Here below is the English translation of the Pope’s discourse to the Jordanian authorities at the Royal Palace:
Dear Brother Bishops,
I thank God for granting me this opportunity to visit the Hashemite Kingdom of Jordan in the footsteps of my predecessors Paul VI, John Paul II and Benedict XVI. I am grateful to His Majesty King Abdullah II for his warm words of welcome, as I recall with pleasure our recent meeting in the Vatican. I also greet the members of the Royal Family, the government and the people of Jordan, this land so rich in history and with such great religious significance for Judaism, Christianity and Islam.
Jordan has offered a generous welcome to great numbers of Palestinian and Iraqi refugees, as well as to other refugees from troubled areas, particularly neighboring Syria, ravaged by a conflict which has lasted all too long. Such generosity merits the appreciation and support of the international community. The Catholic Church, to the extent of its abilities, has sought to provide assistance to refugees and those in need, especially through Caritas Jordan.
While acknowledging with deep regret the continuing grave tensions in the Middle East, I thank the authorities of the Kingdom for all that they are doing and I encourage them to persevere in their efforts to seek lasting peace for the entire region. This great goal urgently requires that a peaceful solution be found to the crisis in Syria, as well as a just solution to the Israeli-Palestinian conflict.
I take this opportunity to reiterate my profound respect and esteem for the Muslim community and my appreciation for the leadership of His Majesty the King in promoting a better understanding of the virtues taught by Islam and a climate of serene coexistence between the faithful of the different religions. I am grateful that Jordan has supported a number of important initiatives aimed at advancing interreligious dialogue and understanding between Jews, Christians and Muslims. I think in particular of the Amman Message and the support given within the United Nations Organization to the annual celebration of World Interfaith Harmony Week.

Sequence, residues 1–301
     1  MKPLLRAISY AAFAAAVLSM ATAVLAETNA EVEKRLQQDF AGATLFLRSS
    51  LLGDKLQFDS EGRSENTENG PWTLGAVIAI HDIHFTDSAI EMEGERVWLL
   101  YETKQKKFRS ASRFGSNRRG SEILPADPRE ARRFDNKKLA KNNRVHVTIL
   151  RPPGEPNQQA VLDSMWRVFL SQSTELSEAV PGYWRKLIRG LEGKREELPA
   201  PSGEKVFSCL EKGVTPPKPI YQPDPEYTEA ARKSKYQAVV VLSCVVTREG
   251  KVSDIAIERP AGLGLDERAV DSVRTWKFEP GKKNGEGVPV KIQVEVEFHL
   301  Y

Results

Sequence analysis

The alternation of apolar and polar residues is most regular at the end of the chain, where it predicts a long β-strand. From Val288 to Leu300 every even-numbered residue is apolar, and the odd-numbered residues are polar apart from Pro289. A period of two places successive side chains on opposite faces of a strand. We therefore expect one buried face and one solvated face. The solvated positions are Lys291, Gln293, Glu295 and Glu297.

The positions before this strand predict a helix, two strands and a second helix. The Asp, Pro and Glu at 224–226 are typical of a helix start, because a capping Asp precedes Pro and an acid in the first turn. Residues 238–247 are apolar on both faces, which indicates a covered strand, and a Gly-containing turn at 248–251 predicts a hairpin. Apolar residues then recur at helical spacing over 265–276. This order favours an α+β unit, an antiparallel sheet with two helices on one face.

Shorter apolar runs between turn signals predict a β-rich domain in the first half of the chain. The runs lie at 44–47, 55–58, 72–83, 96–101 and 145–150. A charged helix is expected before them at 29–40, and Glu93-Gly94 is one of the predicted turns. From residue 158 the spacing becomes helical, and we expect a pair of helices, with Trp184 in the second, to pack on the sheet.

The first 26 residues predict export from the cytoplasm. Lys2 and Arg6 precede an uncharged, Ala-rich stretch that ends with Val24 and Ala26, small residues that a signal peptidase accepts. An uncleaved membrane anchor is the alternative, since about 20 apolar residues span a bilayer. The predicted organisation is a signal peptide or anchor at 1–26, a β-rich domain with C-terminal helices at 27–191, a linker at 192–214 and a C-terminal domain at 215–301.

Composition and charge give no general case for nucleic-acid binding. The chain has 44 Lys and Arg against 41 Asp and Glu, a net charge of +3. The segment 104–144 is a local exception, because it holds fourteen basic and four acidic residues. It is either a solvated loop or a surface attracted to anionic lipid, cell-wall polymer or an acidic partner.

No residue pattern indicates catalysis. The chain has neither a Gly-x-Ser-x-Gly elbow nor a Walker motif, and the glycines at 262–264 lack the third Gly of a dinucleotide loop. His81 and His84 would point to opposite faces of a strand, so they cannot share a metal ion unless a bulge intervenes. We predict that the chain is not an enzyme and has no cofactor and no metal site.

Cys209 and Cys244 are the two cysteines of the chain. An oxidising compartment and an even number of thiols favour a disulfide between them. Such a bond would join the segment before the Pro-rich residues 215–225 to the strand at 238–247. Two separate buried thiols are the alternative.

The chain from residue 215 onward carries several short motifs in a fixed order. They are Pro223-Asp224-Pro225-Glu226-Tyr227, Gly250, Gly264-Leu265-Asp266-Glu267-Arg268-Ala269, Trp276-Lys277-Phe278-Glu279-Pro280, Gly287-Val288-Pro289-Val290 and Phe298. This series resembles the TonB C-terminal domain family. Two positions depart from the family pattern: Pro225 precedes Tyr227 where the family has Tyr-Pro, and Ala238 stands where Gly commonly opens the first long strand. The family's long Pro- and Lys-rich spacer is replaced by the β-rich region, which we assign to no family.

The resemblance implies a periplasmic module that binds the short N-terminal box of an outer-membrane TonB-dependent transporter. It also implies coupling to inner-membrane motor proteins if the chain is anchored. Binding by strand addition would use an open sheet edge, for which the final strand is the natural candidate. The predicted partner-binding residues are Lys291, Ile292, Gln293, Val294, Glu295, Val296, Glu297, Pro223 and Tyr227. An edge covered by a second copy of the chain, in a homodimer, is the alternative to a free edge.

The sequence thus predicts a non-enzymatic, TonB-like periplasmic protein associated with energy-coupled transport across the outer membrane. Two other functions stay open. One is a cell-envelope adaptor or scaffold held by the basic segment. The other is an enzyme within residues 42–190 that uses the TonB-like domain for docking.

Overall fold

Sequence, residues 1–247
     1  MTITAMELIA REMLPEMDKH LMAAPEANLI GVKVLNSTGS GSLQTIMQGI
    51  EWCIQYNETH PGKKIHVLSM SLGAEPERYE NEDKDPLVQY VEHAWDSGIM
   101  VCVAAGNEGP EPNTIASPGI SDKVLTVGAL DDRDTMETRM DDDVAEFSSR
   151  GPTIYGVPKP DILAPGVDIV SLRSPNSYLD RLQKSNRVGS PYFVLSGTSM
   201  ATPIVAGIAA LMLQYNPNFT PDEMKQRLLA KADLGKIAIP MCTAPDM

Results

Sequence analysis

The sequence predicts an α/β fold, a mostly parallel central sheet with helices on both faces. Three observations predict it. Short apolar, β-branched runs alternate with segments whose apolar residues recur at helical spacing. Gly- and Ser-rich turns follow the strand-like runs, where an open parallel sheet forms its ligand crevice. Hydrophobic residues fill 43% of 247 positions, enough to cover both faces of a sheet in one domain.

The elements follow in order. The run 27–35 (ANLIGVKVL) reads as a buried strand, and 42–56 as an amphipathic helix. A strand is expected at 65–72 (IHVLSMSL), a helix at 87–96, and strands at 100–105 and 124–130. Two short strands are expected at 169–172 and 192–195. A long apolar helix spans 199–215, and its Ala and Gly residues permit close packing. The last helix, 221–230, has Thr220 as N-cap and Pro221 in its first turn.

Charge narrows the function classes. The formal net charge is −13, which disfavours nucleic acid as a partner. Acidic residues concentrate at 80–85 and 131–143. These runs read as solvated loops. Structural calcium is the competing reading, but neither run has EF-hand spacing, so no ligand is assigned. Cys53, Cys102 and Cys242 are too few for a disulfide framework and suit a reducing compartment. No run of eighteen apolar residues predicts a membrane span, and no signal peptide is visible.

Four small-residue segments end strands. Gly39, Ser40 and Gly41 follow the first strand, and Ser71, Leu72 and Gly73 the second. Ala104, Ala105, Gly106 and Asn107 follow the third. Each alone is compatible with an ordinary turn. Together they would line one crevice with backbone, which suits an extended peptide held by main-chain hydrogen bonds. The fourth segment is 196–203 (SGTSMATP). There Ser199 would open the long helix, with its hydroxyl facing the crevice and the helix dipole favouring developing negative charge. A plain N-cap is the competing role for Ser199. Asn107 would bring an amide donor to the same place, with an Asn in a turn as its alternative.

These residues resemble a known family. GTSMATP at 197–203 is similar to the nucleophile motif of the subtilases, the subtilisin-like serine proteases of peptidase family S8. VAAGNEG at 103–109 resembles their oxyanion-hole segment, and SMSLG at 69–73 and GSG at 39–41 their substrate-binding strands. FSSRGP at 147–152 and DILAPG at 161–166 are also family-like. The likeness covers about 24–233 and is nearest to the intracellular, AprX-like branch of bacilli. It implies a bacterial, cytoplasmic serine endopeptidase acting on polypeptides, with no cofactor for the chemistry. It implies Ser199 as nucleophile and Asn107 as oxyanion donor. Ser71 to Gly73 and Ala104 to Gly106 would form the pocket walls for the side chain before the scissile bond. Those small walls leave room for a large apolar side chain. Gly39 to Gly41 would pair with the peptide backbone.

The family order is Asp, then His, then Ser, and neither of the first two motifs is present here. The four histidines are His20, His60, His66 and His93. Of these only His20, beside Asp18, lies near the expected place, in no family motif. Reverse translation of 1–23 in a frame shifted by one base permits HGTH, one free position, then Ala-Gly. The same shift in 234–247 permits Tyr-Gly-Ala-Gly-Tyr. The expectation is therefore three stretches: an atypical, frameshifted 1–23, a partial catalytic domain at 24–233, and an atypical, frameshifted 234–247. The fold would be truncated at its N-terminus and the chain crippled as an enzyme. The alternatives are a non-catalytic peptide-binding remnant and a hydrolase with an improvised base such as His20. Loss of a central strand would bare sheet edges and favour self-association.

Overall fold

I would also like to offer an affectionate greeting to the Christian communities present in this country since apostolic times, contributing to the common good of the society of which they are fully a part. Although Christians today are numerically a minority, theirs is a significant and valued presence in the fields of education and health care, thanks to their schools and hospitals. They are able to profess their faith peaceably, in a climate of respect for religious freedom. Religious freedom is in fact a fundamental human right and I cannot fail to express my hope that it will be upheld throughout the Middle East and the entire world. The right to religious freedom “includes on the individual and collective levels the freedom to follow one’s conscience in religious matters and, at the same time, freedom of worship… [it also includes] the freedom to choose the religion which one judges to be true and to manifest one’s beliefs in public” (Ecclesia in Medio Oriente, 26). Christians consider themselves, and indeed are, full citizens, and as such they seek, together with their Muslim fellow citizens, to make their own particular contribution to the society in which they live.
Finally, I cordially invoke peace and prosperity upon the Kingdom of Jordan and its people. I pray that my visit will help to advance and strengthen good and cordial relations between Christians and Muslims.
I thank you for your courteous welcome. May the Almighty and Merciful God grant happiness and long life to Your Majesties, and may he bless Jordan abundantly. Salaam!